Nigerian Banks’ Loan Performance Improves in Q1 2019 as DMBs reserves slumps by 8.47%


    In line with our expectation, March headline inflation rate further moderated to 11.25% year-on-year (from 11.31% in February 2019), printing three consecutive months of decline. The sustained moderation in annual inflation rate was chiefly driven by consistent decrease in core inflation rate as it grew slower (on an annual basis, to 9.46% from 9.80% and a monthly basis, to 0.53% from 0.65%). This was partly driven by y-o-y fall in the costs of transport (-0.18%), clothing & footwear (-0.08%) and energy cost (-0.05%). Also, food inflation rate declined marginally to 13.45% y-o-y from 13.47% in February 2019.

    Food prices, especially in Ogun, Bauchi and Edo States moderated y-o-y to 11.55%, 11.82% and 12.08% in March 2019 respectively. However, the pressure on general price level of food rose month-on-month (m-o-m) to 0.88% (higher than 0.82% in February 2019), amid planting season which commenced in March. Also, change in consumer price index for imported food rose m-o-m by 1.22% to 298.06 points from 294.48 points in February 2019, despite monthly average appreciation of the Naira against USD in most forex market segments (FX rate fell m-o-m by 0.78% to N357.10/USD at the BDC market).

    In the same vein, Inflation rate in the urban area dropped y-o-y to 11.54% (from 11.59%) as well as in the rural area, to 10.99% (from 11.05%) in March 2019). In another development, the Central Bank of Nigeria’s (CBN) depository corporations survey, released recently, showed 3.22% m-o-m increase in Broad Money to N34.79 trillion in February 2019, from N33.72 trillion in January 2019. This resulted from a 11.80% m-o-m rise in Net Domestic Assets (NDA) to N17.77 trillion accompanied by a decrease of 4.44% m-o-m in Net Foreign Assets (NFA) to N17.02 trillion. On domestic asset creation, the increase in NDA resulted from a m-o-m rise of 6.57% in Net Domestic Credit (NDC) to N30.52 trillion, but was offset by a 0.04% m-o-m rise in Other Liabilities (net) to N12.74 trillion. Further breakdown of the NDC showed a 11.42% m-o-m increase in Credit to the Government to N6.35 trillion and an increase of 5.37% in Credit to the Private sector to N24.16 trillion.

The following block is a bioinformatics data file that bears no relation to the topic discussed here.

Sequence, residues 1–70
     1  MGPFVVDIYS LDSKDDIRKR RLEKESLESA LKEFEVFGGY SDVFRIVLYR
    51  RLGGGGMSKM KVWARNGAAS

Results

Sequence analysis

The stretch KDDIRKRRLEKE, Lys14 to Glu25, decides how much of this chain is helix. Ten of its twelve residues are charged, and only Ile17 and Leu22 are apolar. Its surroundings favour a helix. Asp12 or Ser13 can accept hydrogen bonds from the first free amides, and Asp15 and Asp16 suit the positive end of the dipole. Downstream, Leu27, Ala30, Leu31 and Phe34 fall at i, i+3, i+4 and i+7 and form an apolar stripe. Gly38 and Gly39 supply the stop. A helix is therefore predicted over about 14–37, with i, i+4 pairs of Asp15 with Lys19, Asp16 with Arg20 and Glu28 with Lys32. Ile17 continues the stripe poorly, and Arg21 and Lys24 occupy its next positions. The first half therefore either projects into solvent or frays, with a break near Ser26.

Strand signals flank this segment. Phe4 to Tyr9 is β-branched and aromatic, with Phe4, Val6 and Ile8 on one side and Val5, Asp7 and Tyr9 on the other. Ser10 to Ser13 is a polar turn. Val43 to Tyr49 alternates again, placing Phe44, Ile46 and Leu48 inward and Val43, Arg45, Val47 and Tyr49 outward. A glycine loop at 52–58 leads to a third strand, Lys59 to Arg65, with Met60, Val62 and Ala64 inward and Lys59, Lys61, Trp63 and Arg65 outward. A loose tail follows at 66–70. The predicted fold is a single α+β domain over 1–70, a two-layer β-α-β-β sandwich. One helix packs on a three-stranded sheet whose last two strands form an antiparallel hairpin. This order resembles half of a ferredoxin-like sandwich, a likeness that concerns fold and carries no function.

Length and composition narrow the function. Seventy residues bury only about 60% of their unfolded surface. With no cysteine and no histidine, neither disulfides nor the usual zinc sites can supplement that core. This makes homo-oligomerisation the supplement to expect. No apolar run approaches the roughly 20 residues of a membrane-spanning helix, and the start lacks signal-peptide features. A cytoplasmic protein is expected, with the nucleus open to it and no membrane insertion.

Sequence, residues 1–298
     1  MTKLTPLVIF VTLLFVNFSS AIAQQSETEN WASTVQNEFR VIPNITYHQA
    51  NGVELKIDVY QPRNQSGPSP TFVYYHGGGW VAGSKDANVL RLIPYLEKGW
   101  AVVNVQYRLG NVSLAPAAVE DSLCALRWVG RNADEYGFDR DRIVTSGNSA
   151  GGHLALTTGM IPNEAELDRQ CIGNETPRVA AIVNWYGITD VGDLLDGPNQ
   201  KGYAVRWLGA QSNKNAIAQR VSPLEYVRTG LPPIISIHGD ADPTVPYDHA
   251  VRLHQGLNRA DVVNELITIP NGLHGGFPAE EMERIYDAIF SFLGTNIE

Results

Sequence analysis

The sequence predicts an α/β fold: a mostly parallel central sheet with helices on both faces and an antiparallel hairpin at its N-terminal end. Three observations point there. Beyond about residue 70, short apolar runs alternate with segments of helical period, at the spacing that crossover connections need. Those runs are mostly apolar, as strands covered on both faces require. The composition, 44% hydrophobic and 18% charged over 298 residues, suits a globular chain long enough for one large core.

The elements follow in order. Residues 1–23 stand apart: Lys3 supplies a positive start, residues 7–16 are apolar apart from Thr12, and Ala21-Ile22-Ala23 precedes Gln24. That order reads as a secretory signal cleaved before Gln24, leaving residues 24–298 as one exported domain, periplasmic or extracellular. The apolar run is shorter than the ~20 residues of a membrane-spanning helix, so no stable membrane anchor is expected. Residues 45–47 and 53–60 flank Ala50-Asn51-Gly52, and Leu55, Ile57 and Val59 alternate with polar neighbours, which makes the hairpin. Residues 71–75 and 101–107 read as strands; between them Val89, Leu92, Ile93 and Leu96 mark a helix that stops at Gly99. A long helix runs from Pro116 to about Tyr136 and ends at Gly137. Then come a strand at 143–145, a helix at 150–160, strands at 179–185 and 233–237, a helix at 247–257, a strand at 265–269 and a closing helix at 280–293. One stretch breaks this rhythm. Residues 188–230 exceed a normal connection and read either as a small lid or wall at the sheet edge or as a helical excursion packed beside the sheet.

On the liabilities side, 3.22% m-o-m rise in Broad Money Supply was chiefly driven by 18.83% m-o-m increase in treasury bills held by money holding sector to N8.23 trillion but was offset by 0.98% m-o-m decrease in Narrow Money to N11.03 trillion (as Demand Deposits which fell by 2.22% to N9.19 trillion offset the effect of currency outside banks which rose by 5.70% to N1.84 trillion) and a 0.74% m-o-m moderation in Quasi Money (near maturing short term financial instruments) to N15.50 trillion.